A Bengaluru fundraising strategist throws his weight behind rural organisations working to alleviate pandemic woes
Rishabh Lalani, fundraising strategist, Bengaluru; Photo by Subir Halder
Rishabh Lalani, a Bengaluru-based independent fundraising strategist, moved back in with his parents in Kolkata at the start of the pandemic in 2020. “I would rather be with my parents than die alone,” says Lalani. “Koi time nahin hai sochne ke liye (there’s no time to ruminate), might as well do what comes to you in the moment.”
Lalani charts out strategies for NGOs that have the intent and the grassroots network to drive relief efforts but lack the financial wherewithal to raise funds. Since April last year, the 32-year-old has worked with some 62 NGOs and raised over Rs 22 crore collectively. Most of the organisations he has helped are focused on providing food and rations to Covid patients or people whose livelihoods have taken a hit during the pandemic. A post-graduate from the Tata Institute of Social Sciences, Mumbai, Lalani has raised funds through various avenues—the Axis Bank Foundation, Azim Premji Foundation, Michael and Susan Dell foundation and even crowdfunding and individual support.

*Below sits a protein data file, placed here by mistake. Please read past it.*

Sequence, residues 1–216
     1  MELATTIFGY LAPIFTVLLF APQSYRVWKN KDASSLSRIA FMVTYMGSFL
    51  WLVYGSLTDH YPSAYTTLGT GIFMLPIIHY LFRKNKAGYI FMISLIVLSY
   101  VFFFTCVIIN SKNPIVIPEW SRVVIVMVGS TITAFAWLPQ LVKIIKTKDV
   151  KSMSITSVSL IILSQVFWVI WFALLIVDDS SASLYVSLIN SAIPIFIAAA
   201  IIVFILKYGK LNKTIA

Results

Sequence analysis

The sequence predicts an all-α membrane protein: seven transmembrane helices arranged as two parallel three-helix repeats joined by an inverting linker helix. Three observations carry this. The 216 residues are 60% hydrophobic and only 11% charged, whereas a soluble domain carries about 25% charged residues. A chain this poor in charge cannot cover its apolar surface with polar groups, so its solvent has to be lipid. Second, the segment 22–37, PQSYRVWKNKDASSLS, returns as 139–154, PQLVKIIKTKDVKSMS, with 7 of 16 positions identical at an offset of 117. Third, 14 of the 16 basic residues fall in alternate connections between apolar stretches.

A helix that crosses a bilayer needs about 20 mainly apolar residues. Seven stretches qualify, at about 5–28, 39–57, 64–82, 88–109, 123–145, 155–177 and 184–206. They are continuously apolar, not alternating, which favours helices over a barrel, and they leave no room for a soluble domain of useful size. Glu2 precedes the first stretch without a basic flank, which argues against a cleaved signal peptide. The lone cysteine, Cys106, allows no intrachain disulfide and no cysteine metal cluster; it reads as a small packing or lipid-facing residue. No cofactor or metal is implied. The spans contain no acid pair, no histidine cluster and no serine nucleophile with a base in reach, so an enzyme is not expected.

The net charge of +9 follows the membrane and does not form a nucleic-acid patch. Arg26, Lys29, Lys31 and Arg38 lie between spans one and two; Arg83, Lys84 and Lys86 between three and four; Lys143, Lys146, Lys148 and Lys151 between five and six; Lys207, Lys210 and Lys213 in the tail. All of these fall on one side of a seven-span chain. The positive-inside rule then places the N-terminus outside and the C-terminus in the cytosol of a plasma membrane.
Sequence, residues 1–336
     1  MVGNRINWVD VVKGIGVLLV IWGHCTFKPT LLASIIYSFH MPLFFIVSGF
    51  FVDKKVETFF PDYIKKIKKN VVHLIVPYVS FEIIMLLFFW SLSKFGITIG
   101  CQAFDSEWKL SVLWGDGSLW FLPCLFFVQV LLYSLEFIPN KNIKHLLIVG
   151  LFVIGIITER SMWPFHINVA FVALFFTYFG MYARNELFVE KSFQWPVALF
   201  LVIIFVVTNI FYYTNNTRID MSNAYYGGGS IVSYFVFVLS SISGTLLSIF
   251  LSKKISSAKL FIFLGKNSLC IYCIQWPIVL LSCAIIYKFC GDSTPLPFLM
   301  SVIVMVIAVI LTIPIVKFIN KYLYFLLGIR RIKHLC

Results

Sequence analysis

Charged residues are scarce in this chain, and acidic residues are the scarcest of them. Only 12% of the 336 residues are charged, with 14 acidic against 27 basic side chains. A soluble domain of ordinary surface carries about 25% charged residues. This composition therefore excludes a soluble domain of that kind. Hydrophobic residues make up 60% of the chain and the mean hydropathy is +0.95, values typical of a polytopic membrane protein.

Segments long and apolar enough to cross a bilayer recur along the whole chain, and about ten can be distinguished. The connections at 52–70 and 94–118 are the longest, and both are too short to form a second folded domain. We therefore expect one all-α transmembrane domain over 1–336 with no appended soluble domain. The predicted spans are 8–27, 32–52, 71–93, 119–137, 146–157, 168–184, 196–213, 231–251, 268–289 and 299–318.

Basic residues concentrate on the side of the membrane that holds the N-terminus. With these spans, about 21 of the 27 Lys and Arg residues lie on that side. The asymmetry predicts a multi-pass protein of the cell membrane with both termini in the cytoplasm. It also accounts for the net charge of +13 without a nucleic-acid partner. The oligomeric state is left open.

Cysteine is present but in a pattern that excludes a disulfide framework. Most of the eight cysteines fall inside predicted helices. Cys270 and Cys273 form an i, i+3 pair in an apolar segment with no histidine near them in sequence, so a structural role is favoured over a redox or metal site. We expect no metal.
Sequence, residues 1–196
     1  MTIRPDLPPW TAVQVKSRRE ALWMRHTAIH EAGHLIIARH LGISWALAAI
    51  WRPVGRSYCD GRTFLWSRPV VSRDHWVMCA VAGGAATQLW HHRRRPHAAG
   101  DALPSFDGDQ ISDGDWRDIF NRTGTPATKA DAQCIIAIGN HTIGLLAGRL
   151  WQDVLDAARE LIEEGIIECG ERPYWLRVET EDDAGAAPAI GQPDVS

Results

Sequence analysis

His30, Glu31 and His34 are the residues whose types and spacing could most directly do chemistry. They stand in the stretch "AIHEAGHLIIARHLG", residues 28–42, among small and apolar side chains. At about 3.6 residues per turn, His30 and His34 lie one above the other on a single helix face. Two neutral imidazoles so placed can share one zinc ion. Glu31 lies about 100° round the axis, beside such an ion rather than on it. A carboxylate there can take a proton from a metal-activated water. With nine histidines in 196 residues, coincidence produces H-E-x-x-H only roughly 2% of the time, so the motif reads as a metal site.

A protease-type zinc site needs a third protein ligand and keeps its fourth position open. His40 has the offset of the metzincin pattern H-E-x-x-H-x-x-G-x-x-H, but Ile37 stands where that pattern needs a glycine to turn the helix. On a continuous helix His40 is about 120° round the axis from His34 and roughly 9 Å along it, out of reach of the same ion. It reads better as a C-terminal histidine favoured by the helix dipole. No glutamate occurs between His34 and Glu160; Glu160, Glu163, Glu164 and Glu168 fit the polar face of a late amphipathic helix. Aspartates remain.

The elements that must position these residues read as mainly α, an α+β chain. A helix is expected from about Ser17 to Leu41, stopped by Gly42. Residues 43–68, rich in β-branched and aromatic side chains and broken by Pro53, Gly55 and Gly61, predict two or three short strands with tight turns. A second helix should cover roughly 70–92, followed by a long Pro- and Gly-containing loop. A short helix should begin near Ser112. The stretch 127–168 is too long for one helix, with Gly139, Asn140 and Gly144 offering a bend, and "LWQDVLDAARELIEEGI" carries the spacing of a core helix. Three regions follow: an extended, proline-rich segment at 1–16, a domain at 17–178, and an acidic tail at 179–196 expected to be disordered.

Last year, Lalani helped Rajesh Srinivas, CEO of Sangama, an NGO that works with sex workers in Karnataka, raise around Rs 20 lakh. The funds were spent towards providing rations to sex workers who do not benefit from the public distribution system or any government food security scheme. “The situation is bad. There are no earnings and food security is a major issue. We distributed food packets to 7,000 sex workers across Karnataka last year. This year, we want to take the number up to 10,000,” says Srinivas.
Lalani also helped Agami, an NGO that works in the legal justice space, to build ruralindia.help, a credible database of thousands of rural initiatives across India dealing with the Covid crisis. Lalani powered the team with volunteers who keep the database updated. “This database could become valuable beyond Covid,” says Varun Hemachandran, spokesperson for Agami. “Anytime there is a disaster in the country, these organisations can become the frontline workers.” And Lalani, putting his corporate negotiation skills to good use, is enabling them do what they do best—extending help.
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